The city of Wajima, Ishikawa Prefecture, in central Japan, has observed tsunami of more than 1.2 meters at 4:21 p.m. on Monday following a major quake that hit the region. People in those areas must evacuate immediately.

The city of Toyama, in the neighboring Toyama Prefecture, also reported tsunami of 80 centimeters at 4:35 p.m.

The city of Kashiwazaki, Niigata Prefecture, has also observed tsunami of 40 centimeters at 4:36 p.m.

Tsunami have been reaching the Japan Sea coast. Tsunami will repeatedly hit the coast and may become higher.

A major tsunami warning has been issued for Ishikawa Prefecture after a massive magnitude-7.6 earthquake has struck the prefecture Monday evening.

An intensity of seven on the Japanese scale of 0 to seven was observed on the Noto Peninsula, Ishikawa Prefecture.

Tsunami warnings were also issued for Niigata, Toyama, Yamagata, Fukui and Hyogo prefectures, also along the Japan Sea coast.

Tsunami advisories have been issued for the remaining prefectures on the Japan Sea coast.

People in those areas must evacuate immediately. Stay on the alert and escape to higher ground and go as far away as possible from the coast.



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I'm in Osaka visiting family right now. Luckily we weren't affected here. Didn't feel a thing and far enough inland that there's nothing to worry about as far as tsunami. 


Looks like 30 dead now, which is a lot for sure, but just happy it's not another 2011. No danger to the nuclear plants. The one that would have been most at risk was shut down for maintenance at the time, luckily.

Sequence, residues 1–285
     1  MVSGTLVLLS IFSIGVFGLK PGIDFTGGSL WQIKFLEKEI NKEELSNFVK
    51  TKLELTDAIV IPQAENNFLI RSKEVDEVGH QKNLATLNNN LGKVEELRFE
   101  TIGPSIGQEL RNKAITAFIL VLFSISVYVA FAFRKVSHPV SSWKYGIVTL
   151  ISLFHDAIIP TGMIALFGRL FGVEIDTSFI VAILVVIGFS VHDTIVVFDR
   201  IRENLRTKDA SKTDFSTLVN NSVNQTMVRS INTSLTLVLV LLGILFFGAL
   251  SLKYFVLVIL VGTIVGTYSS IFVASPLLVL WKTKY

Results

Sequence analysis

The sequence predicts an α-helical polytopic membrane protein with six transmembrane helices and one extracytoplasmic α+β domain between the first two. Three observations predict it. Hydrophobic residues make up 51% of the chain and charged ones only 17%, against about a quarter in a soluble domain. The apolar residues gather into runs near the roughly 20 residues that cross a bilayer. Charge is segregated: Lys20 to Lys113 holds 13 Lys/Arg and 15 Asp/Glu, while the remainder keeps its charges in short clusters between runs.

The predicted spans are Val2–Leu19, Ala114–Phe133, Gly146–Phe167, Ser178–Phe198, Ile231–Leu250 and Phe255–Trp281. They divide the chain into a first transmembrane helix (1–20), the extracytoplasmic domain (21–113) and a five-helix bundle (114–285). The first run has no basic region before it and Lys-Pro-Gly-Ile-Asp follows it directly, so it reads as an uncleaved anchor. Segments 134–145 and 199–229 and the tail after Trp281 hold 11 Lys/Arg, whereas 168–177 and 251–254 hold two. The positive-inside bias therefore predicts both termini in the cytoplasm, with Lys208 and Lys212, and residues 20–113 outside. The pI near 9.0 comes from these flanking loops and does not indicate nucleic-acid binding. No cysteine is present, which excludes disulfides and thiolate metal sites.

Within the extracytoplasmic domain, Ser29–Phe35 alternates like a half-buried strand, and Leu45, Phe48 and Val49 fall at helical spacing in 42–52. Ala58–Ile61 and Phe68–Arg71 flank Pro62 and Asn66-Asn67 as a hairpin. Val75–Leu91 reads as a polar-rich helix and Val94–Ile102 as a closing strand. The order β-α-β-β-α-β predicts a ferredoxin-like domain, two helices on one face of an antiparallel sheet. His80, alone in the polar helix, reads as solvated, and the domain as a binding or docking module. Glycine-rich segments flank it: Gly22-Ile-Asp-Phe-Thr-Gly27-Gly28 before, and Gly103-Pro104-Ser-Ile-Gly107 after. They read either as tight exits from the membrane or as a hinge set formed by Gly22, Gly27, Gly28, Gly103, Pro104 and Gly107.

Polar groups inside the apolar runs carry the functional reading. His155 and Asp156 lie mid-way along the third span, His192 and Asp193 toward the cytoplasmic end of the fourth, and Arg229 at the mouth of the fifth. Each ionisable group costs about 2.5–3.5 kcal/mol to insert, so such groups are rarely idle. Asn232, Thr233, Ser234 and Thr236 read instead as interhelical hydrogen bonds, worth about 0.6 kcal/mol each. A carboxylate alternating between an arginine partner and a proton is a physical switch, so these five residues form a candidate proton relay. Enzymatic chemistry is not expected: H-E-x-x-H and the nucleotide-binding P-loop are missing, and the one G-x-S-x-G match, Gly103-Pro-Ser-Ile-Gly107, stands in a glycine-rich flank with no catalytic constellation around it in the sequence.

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also posting to the OMG Earthquake thread:



Rescuers race against time in search for survivors in Japan after powerful quakes leave 73 dead

Firefighters search collapsed houses following earthquakes in Wajima, Ishikawa prefecture, Japan Wednesday, Jan. 3, 2024. A series of powerful earthquakes that hit western Japan left multiple people dead Wednesday, as rescue workers fought to save those feared trapped under the rubble of collapsed buildings.(Kyodo News via AP)

By Hiro Komae, Richard Colombo And Yuri Kageyama, The Associated Press

Posted January 2, 2024 9:24 pm.


Japanese rescue workers and canine units searched urgently through rubble Wednesday ahead of predicted bitter cold and heavy rain in what the prime minister called a race against time after powerful earthquakes killed at least 73 people in western Japan.


Ishikawa prefecture and nearby areas were shaken by a 4.9 magnitude aftershock on Wednesday — one of dozens that have followed Monday’s magnitude 7.6 temblor centered near Noto, about 300 kilometers (185 miles) from Tokyo on the opposite coast. The quake set off tsunami warnings, followed by waves measuring more than 1 meter (3 feet) in some places.


The first 72 hours are especially critical for rescues, experts say, because the prospects for survival greatly diminish after that.


“More than 40 hours have passed. This is a race against time, and I feel that we are at a critical moment,” Prime Minister Fumio Kishida told reporters. “We have received reports many people are still waiting for rescue under collapsed buildings.”


The narrow Noto Peninsula has added to the challenges in reaching some communities. Water, power and cellphone service were still down in some areas.